War in her mouth

War in the living room. Every Friday,
my mother painted it.

Every Friday—her day off, for a year—
another piece of the looming billboard of her canvas
became body, boot, fire,

bare feet of a running girl,
flexed arm of a running soldier,

silver sheen on his rifle’s black barrel
soft folds in her cotton dress,
a tree in flames and sunlit dust,

arches, domes, olive fatigues,
bombed bridge broken sky Middle East.

We were in New Jersey,
and the barefoot girl was on our coffee table,
running across a page in a magazine,

through my mother’s body, out her mind—
onto the canvas,

her skin, our skin.

Our ancestors, born in the mountains of Khorasan, Iran,
strolled through orchards in Baghdad,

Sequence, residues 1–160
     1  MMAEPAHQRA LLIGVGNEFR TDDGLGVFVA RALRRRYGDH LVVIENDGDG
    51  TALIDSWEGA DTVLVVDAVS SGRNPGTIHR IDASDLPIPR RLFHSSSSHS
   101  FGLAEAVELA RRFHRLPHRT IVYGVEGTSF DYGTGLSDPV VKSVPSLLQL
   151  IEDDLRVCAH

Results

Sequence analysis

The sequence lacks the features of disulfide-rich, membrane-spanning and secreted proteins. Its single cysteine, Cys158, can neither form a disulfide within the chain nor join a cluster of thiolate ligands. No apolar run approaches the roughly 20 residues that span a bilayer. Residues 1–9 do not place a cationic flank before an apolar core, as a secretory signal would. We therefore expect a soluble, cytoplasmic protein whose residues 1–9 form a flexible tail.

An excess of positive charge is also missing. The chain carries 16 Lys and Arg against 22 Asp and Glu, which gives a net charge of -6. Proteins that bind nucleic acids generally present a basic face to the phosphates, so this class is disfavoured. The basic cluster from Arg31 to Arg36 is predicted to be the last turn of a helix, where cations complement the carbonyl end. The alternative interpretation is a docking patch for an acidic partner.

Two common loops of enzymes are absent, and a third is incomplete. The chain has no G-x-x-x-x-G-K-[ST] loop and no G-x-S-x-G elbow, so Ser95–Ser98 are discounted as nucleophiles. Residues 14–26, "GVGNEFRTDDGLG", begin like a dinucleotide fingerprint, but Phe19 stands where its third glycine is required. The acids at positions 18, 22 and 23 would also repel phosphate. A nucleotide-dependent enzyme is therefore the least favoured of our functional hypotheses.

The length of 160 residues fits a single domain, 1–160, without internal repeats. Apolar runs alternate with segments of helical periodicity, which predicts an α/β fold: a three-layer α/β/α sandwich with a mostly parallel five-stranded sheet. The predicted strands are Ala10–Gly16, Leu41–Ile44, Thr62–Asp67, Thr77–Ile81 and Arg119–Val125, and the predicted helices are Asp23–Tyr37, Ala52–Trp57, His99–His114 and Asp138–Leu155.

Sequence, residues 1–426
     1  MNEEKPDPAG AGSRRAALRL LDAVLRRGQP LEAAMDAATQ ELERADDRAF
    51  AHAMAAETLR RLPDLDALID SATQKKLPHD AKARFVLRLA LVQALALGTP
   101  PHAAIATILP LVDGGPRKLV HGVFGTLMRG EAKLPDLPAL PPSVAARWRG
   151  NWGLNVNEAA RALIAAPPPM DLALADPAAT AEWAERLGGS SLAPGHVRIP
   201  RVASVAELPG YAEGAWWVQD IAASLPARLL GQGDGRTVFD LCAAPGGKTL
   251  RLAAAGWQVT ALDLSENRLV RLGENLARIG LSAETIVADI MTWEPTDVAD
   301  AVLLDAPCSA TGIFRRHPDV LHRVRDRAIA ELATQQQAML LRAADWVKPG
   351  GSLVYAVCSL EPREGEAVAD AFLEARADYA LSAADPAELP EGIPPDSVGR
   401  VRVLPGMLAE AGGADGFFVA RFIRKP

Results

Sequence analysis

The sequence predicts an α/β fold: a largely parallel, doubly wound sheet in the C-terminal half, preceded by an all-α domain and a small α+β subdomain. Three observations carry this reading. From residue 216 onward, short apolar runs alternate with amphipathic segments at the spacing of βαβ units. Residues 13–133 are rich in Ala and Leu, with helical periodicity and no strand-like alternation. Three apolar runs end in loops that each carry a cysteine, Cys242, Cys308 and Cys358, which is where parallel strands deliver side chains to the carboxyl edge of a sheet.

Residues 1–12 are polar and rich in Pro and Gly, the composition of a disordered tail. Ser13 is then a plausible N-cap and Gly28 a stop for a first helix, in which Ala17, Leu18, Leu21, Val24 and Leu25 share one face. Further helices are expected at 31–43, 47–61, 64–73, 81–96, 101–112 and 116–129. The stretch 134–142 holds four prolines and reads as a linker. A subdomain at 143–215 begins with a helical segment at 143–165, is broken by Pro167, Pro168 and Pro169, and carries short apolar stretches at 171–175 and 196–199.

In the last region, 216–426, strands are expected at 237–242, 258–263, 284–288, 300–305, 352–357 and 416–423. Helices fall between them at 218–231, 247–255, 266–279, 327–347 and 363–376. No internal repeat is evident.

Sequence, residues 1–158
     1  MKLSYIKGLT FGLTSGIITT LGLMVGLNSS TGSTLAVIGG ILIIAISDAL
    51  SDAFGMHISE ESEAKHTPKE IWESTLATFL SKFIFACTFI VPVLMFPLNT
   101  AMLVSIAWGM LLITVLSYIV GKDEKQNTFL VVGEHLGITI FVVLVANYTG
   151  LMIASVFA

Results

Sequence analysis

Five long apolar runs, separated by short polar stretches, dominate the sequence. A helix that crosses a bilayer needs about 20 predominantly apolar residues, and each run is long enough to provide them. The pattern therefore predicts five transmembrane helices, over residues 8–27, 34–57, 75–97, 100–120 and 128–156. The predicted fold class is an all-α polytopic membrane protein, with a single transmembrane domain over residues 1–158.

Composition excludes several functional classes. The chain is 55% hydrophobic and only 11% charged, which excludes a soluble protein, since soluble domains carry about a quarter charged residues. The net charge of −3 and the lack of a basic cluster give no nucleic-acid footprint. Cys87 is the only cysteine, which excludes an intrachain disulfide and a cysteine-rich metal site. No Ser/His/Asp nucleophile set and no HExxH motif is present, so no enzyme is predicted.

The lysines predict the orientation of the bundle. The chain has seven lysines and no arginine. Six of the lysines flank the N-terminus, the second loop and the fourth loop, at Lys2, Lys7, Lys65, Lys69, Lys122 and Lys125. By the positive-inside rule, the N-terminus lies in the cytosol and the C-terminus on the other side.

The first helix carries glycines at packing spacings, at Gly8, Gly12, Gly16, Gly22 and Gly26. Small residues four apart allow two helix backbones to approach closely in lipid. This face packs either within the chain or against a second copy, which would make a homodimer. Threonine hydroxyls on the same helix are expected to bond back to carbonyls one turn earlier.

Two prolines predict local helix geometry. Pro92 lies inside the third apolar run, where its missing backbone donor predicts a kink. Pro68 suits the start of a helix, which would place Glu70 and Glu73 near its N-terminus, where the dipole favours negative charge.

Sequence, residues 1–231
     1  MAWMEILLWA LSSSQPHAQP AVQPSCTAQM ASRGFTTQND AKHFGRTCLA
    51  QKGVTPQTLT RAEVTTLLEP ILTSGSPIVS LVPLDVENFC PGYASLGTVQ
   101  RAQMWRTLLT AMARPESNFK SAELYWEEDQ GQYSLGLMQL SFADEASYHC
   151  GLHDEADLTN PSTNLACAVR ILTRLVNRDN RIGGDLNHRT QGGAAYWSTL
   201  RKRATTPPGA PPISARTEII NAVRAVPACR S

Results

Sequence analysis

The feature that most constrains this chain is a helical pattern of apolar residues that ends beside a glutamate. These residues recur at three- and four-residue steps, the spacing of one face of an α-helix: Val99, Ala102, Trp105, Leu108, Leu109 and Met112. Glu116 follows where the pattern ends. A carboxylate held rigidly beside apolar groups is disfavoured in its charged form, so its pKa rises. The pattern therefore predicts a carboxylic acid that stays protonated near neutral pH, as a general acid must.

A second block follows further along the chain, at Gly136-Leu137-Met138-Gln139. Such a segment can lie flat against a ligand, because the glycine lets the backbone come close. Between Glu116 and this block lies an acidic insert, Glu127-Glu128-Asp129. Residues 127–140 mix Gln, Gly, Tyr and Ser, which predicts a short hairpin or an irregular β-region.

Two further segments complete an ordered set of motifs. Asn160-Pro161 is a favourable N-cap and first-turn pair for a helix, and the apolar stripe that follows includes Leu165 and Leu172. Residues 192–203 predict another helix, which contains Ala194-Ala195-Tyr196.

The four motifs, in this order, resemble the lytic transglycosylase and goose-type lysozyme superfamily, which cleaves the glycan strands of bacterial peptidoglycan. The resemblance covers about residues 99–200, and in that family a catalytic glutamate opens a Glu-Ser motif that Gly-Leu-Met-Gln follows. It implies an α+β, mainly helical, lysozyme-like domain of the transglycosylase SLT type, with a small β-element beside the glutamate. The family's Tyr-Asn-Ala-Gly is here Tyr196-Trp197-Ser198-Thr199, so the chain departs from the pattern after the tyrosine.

recited in Damascus,
tended the fires in Yazd,
touched the Black Stone, said

                        The meadow is my prayer rug.
                        Cypress trees, my minarets,
                        and the wind, my call to prayer.

One Friday, my mother needed a model.

To render the surreal real or real surreal,
my mother needed to study the protruding clavicle
of a running girl.

I froze for her

In her palette of grief and rage,
love was the obscured and persistent undertone.
Friday after Friday,

the girl took shape and the soldier,
chasing her, me—

my clavicle, her clavicle,
my flesh, her flesh.

Copyright © 2024 by Haleh Liza Gafori. This poem was first printed in The Brooklyn Rail (December 2023 / January 2024). Used with the permission of the author.